• Production of fine dispersion of second phase (usually oxide) particles.

  • Refinement of grain sizes down to nanometre range.

  • Synthesis of novel crystalline and quasicrystalline phases.

  • Inducement of chemical reactions at low temperatures for mineral and waste processing.

In this paper, a novel mechano-chemical activation process for RM adsorbent was intended to be optimized based on maximizing nitrate removal from a constant stock nitrate solution. Experimental parameters selected were acid concentration and acidification time in two different milling times.

MATERIALS AND METHODS

Chemicals

Raw red mud (RRM) was obtained from Iran Alumina Co. (Jājarm, Iran). For representative results, each sample was a mixture of RRM taken from three different points of the waste dam. HCl, NaOH and NaNO3 was obtained from Merck Co. (Darmstadt, Germany). Ultra-pure water (UPW) was used to prepare nitrate solution.

Instruments and standards

Adsorbent preparation

The pH values were determined by a BEL W3B pH meter. Milling of adsorbent was carried out with an Asia San'at Rakhsh PM2400 planetary ball mill with hardened steel cups and hardened steel balls (HRC (Rockwell C Hardness) of 58). Concentration of nitrate ion was determined by a Metrohm 850ProfIC ion chromatography (IC) system.

For determination of residual concentration of nitrate ion by IC, ASTM ISO 10304 standard method was used.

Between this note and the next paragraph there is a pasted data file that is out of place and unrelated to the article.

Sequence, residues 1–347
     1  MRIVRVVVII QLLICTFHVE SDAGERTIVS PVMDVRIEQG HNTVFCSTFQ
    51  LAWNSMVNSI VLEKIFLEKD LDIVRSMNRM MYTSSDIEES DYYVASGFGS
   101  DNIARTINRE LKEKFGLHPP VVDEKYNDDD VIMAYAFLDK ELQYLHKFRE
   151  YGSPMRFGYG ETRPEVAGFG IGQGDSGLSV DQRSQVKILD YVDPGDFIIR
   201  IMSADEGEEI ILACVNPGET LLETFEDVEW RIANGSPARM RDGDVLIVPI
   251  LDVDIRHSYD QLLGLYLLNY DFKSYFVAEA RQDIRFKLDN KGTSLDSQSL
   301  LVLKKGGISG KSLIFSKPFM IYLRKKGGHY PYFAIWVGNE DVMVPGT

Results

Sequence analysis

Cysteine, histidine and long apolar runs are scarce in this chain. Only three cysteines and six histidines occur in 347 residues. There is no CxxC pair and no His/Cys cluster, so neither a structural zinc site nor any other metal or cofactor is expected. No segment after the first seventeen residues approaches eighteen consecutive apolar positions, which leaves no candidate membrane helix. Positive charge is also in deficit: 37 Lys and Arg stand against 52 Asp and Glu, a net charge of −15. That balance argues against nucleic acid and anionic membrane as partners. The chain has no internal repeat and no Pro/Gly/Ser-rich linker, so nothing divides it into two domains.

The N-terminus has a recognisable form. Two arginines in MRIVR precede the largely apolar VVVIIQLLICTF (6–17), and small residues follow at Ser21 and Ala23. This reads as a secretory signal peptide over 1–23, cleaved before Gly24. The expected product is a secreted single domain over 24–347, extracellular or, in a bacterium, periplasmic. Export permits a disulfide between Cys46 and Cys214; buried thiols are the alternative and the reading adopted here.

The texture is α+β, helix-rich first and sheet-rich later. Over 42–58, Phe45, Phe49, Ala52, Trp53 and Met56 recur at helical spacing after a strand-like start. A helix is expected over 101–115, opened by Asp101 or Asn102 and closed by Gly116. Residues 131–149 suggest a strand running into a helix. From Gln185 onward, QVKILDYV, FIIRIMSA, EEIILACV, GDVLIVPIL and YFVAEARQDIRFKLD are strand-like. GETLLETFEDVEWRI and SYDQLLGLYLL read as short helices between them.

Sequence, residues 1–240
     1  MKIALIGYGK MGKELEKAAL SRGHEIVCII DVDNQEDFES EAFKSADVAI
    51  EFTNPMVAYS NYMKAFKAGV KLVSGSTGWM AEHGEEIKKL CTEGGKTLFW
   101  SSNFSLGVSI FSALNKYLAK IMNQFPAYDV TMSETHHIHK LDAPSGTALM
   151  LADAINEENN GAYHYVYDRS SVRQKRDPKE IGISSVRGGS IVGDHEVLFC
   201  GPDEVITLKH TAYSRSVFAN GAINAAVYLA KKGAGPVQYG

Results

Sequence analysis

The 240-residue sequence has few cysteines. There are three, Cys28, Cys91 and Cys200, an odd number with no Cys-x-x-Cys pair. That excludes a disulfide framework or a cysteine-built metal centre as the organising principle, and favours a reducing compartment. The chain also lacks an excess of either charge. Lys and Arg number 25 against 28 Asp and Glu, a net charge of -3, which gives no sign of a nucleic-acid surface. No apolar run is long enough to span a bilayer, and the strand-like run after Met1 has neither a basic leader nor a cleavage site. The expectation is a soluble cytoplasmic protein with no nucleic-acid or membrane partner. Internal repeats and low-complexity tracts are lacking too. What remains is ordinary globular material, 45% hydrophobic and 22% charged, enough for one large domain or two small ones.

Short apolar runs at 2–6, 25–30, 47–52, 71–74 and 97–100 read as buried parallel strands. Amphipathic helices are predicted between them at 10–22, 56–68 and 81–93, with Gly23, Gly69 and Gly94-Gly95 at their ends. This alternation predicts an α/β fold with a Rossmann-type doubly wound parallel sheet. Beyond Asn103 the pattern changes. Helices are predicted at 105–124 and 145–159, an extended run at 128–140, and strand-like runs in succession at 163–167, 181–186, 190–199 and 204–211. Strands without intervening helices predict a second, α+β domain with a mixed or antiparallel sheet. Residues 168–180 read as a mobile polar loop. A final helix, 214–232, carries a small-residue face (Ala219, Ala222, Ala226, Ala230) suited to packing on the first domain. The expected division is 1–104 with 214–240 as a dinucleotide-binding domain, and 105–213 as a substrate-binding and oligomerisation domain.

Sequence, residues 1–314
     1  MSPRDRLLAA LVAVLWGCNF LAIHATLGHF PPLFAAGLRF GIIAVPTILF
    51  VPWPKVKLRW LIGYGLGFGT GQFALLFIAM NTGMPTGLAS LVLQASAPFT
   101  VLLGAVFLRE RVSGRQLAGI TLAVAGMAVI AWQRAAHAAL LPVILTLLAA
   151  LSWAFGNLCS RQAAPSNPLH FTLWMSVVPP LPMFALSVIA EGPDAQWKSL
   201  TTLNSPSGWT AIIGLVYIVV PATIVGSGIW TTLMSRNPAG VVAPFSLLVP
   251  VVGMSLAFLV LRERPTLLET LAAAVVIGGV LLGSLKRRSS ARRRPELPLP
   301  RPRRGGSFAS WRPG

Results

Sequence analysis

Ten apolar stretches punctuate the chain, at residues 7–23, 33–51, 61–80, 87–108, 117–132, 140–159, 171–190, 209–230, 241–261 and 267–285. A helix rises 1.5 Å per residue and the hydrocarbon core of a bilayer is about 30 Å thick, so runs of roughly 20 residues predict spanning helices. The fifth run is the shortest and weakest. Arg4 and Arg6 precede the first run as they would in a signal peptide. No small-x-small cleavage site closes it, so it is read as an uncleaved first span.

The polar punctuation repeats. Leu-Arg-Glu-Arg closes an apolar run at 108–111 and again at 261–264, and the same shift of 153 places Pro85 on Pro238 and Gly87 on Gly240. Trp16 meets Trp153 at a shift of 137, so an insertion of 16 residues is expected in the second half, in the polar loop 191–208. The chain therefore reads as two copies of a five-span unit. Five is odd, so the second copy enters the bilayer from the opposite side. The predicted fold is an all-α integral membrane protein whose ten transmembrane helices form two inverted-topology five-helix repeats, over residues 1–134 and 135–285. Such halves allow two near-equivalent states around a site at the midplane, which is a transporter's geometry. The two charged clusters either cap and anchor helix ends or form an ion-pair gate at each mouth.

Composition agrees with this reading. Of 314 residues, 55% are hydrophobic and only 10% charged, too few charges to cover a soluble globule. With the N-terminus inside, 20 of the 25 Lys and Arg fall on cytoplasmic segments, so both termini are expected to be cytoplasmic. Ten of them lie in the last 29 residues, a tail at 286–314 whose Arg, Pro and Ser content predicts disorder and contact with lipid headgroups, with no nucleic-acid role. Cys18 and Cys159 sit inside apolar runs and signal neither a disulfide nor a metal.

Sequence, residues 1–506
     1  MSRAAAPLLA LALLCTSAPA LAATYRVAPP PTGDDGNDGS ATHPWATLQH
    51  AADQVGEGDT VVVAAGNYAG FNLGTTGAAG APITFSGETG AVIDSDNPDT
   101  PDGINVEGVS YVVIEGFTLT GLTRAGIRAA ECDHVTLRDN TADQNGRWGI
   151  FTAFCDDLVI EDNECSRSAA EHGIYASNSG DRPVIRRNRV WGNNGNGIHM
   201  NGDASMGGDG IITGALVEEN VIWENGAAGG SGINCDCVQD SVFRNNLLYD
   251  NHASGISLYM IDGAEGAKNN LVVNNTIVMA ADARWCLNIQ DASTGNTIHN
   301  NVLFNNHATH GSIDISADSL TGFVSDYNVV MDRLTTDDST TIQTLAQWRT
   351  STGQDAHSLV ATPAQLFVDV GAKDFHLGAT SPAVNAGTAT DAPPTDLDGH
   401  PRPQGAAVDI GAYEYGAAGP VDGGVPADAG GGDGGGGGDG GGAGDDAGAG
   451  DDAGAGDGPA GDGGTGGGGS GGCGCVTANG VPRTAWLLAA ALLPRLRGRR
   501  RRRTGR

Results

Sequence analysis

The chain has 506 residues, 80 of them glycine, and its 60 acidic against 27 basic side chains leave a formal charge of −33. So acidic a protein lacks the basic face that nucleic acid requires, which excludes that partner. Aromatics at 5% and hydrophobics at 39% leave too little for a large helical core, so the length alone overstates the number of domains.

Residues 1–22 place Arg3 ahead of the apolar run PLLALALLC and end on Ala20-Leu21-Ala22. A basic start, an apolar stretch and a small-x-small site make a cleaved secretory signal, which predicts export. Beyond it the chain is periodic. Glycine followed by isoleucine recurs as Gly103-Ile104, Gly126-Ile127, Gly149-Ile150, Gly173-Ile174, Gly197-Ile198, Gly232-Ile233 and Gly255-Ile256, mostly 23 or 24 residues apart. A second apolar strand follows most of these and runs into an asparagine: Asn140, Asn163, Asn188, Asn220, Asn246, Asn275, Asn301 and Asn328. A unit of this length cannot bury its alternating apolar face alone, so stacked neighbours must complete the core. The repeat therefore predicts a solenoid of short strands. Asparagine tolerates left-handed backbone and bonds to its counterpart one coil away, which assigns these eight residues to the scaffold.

Adsorbent characterization

X-ray fluorescence (XRF) mineralogical composition of the samples was determined using a Philips PW2404 analyzer. X-ray diffraction (XRD) analysis was carried out on a Philips PW3040/60 diffractometer using Cu K–alpha radiation, voltage of 40 kV, current of 30 mA, and scanning angle of 5° to 80°. Qualitative phase analysis was conducted using the X'Pert Highscore plus search match software. Fourier transform infrared spectrophotometry (FT-IR) was carried out on a Bruker Tensor27 spectrophotometer. Spectra were recorded and analyzed with the Opus software. A dynamic light scattering (DLS) test was carried out using a Malvern ZS zetasizer instrument. Scanning electron microscopy (SEM) observation was performed by a TESCAN VEGA II scanning electron microscope. The Brunauer–Emmett–Teller (BET) test was performed by a BEL Belsorp Mini II with N2 gas and 150 mA current sensor.

Preparation of adsorbents

RRM preparation

RM lumps were first pounded and sieved with mesh #100 (0.149 mm). Then, it was washed thoroughly with UPW three times (liquid to solid weight ratio was 2:1), and the mixture was let to sediment for about 1 hour. After filtration (using Whatman grade 42 filter paper with pore size 2.5 μm) the powder was kept overnight in an oven (70 °C) to get completely dry, and then sieved again with mesh #100 (0.149 mm) to obtain a uniform sized powder of adsorbent.